Curious about buying corporate bonds and 10 tips to help you get started? Buying a corporate bond does not give you ownership interest in the corporation, it just means that you are lending money to the corporation that issued the bond and in exchange for your purchase you should expect your money back plus interest that will be earned during the time that you own the bond. Here are 10 tips that you should know when buying a corporate bond:
- Do your research into the corporation that is issuing the bond. Check to see how well the business has been doing financially within the last few years and look at the proposals for the upcoming quarter. Also see what departments the business wants to expand in and the estimated market value proposal. The default risk in owning a corporate bond is high because it depends heavily on the market value.
- The default risk on corporate bonds is higher than government bonds. As a result of the market value of the specific business your bond is issued from, the interest rate earned is much higher for the risk being taken. The compensation for buying a corporate bond is well worth the investment and risk at the end of the bond's maturity.
- There are other risks that come along with buying a corporate bond that make the purchase worth the risk. One of the risks is the Credit Spread Risk, which only compensates the investors when the bond’s value and interest rate depreciates, causing the credit spread to be offered as compensation to the buyer. This is a good compensation for some people because it means fewer taxes will be paid out.
- The interest rate risk on a corporate bond tends to fluctuate. The level of interest in a bond market changes as the market value of the business fluctuates, which causes the interest earned at the maturity of the bond to adjust to the market. This adjustment only affects the interest on the bond itself, not the amount you paid for the bond.
- Where you purchase the corporate bond is important for you. You can purchase the bond from any financial institution and, depending on the guidelines of the purchase, you will pay a fee. Of course, you can always purchase your bonds from a bond broker and pay a fee and commission, or through an online trading company, which may have fewer fees involved.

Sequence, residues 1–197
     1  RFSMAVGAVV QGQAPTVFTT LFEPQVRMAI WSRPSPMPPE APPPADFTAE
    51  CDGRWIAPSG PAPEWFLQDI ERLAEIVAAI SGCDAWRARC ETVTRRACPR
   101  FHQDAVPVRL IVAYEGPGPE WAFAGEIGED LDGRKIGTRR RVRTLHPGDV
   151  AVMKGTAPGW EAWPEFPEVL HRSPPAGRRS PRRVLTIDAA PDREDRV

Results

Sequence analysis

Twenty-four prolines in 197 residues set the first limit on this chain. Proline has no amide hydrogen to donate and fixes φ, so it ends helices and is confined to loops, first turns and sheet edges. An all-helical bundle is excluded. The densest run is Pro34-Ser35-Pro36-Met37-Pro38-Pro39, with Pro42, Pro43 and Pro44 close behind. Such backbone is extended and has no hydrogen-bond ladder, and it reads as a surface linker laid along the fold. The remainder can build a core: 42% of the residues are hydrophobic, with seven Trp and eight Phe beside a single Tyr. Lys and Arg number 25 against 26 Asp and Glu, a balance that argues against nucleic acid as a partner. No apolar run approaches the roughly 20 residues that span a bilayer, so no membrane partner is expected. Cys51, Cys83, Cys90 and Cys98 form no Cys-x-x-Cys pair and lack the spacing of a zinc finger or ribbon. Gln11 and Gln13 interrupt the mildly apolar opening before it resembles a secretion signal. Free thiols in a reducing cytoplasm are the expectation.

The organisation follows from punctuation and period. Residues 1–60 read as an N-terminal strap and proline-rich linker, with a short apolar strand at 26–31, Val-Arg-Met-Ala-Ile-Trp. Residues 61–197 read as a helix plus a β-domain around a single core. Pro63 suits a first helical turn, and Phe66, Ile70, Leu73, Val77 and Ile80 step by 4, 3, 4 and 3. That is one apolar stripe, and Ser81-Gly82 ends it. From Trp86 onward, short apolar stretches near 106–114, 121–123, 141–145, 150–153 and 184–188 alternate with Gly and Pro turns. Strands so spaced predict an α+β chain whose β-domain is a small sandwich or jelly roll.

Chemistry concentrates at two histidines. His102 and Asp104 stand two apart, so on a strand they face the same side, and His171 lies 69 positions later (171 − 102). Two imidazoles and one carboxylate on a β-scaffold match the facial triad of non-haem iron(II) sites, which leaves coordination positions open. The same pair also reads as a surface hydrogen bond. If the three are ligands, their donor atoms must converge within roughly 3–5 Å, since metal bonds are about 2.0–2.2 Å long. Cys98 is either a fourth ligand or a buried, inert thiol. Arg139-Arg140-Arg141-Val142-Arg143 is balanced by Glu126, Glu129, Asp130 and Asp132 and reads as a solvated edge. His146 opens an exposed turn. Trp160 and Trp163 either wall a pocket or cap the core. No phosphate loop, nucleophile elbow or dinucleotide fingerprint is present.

- Determine how long you are willing to wait for the bond. There are short- and long-term bonds; you have to determine which type of bond is best for your needs. Short-term bonds may mature in anywhere from one to three years, which may work out better for you financially. A long-term bond may hinder you financially because of the increased risk of a company takeover, merger or bankruptcy occurring.
- The selling of the bond at maturity is considered a liquidity risk for the initial buyer. The risk value of the bond at the end of maturity is also dependent on the market value of the business. This risk leaves the initial investor with difficulty in selling their bond at even close to what they paid in the beginning.
- The inflation risk that you are taking when buying a corporate bond is always unstable. Inflation reduces the real value of any future fixed cash flow that was anticipated for the bond. The anticipation of inflation should be accounted for when purchasing a corporate bond because the price may decrease immediately after the purchase.
- Corporate bonds have a higher earning yield than government bonds. The corporation is looking to enlarge its business, but the conditions will depend on if the corporation will be able to actually expand. The market that the corporation is in will alter the interest rate on your bond that you purchase.
- If you are looking for a tax break, you won’t find it buying a corporate bond. You must pay taxes on the interest earned while you own the corporate bond. Only government bonds are tax exempt, but you will have a higher interest yield owning a corporate bond.
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